Mergers at accounting firms require right skills mix to minimise risk


Growing post-merger means identifying skills' gaps and retaining and hiring the right staff, but a lack of planning at this stage hampers growth and can put acquisitions and mergers at risk for accountancy firms, says Paul Lindsell, MD of ThoughtSpark

With acquisitions delivering the majority of growth at mid-market accounting firms over the last 12 months, it is evident that many UK accountancy firms are eyeing up their next target for acquisition.

But it is mainly at Big Four level that acquisitions are creating opportunities, particularly in consulting. PwC's acquisition of Booze & Co highlights how strategic M&A activity is driving growth while EY recently acquired UK digital design consultancy, Silicon, and governance and risk compliance firm, Integrc; and KPMG acquired customer experience consultancy, Nunwood.

Beyond the Big Four, recently rebranded RSM (formerly Baker Tilly) expanded its consulting offer with the acquisition of Outperform UK, while numerous smaller accountancy firms have announced mergers, with an eye to protecting their long-term sustainability as the demographic of managing partners changes and many face retirement.

Staffing challenges

However, while acquiring complementary firms is a popular growth strategy, acquirers must be aware of the skills shortages within their new purchases to ensure client relationships are smoothly transitioned, that newly acquired businesses are fully integrated as quickly as possible and that maximum value is leveraged from the acquisition investment.

Research by ThoughtSpark and MindMetre investigated the relative strength of core skills in businesses being acquired or funded in the UK. It found that while financial skills and sales tend to be strong in acquired businesses, marketing and IT skills are lacking. This is particularly significant as marketing is a specific skill that has been a weakness in certain accountancy firms.

No matter what industry the firm is in, buoyant business growth requires a set of key business skills (such as product development, IT management, financial management, sales and marketing/PR). Weaknesses in any of the core areas will undermine potential growth, affecting both the acquiring and the acquired firm.

With 100% being the optimum level of competency, new product development (71%) and sales (69%) were considered by private equity (PE) firms as areas of strength; while financial and business management, human resources (HR) and service distribution skills attracted moderate scores above the critical 50% watershed. The worst skillsets described as sub-par were found in IT management (45%) and marketing (44%).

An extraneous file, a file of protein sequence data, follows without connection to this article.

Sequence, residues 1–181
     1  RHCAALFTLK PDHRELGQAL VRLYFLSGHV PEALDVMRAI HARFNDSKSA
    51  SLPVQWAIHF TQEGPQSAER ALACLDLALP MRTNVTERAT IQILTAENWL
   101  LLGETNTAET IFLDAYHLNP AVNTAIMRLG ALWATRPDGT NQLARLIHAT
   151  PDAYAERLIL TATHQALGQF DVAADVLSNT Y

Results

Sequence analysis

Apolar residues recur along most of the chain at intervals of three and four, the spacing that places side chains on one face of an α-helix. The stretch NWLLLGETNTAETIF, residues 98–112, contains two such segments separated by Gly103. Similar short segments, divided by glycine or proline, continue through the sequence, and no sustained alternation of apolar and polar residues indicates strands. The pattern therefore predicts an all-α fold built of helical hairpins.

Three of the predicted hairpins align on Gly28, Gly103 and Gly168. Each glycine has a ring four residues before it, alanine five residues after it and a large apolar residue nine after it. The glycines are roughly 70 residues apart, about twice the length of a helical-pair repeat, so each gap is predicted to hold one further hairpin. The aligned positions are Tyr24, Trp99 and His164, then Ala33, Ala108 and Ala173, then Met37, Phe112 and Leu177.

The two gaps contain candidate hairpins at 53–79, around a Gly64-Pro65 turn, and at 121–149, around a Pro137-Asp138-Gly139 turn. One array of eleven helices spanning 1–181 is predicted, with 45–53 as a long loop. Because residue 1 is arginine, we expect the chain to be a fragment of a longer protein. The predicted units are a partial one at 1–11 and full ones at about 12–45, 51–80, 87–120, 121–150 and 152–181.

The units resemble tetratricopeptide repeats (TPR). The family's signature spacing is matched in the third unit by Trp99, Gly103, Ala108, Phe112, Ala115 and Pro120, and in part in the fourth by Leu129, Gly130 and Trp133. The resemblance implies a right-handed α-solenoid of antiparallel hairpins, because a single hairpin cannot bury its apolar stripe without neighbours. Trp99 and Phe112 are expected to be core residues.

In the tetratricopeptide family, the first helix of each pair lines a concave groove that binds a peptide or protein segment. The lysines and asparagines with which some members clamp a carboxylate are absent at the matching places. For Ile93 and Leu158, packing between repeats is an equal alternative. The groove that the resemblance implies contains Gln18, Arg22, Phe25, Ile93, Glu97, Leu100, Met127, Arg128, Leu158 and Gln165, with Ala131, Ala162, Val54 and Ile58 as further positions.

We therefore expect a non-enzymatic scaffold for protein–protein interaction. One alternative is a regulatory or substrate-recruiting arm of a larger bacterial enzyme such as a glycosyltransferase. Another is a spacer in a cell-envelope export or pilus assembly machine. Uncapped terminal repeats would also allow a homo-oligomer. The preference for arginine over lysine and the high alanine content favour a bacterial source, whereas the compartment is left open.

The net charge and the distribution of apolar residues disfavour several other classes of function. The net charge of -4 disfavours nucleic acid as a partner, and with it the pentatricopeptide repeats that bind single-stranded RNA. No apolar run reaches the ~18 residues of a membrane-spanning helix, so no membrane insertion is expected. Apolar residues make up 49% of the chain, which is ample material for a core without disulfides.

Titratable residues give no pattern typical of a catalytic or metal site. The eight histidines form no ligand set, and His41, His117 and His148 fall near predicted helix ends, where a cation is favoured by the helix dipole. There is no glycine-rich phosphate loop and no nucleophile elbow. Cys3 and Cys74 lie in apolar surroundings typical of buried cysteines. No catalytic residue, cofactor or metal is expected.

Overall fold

When an accountancy firm acquires a business, it needs strong marketing and IT skills to not only integrate those businesses into the existing firm, but also to continue growth operations.

Addressing skills shortages

The accountancy profession is under threat from talent shortages with firms vying to attract the best staff, while retention continues to be a major issue. One way to bridge the skills gaps is to hire experienced staff with relevant experience in the required business areas. However, hiring staff can often be a time-consuming and difficult process. Some firms opt for third-party specialists that can deliver expertise in growth strategies and help discover and target new business opportunities.

Whether in-house or via an outsourced supplier, ensuring strong skill levels across all core departments is essential for sustainable and manageable growth – by acquisition or by organic growth.

Ultimately, weak IT and marketing skills significantly hamper the ability of a business to target the right audience

Having strong IT and marketing capabilities in place enables firms to conduct a wide range of activities, such as operating fully functional websites, with updated and relevant content, establishing cost-efficient new business sales processes, growing inbound lead generation, integrating tech systems and effective financial communication channels.

Ultimately, weak IT and marketing skills significantly hamper the ability of a business to target the right audience with the most effective messages and generate sales growth, as well as identify suitable M&A opportunities. Firms looking to expand must address these typical skills gaps immediately following each new acquisition.

Access the full research note here

About the author

Paul Lindsell is managing director and founder of ThoughtSpark / MindMetre

Paul Lindsell |Managing director and founder, Thoughtspark / Mindmetre

Paul Lindsell is managing director and founder of marketing services company, Thou...

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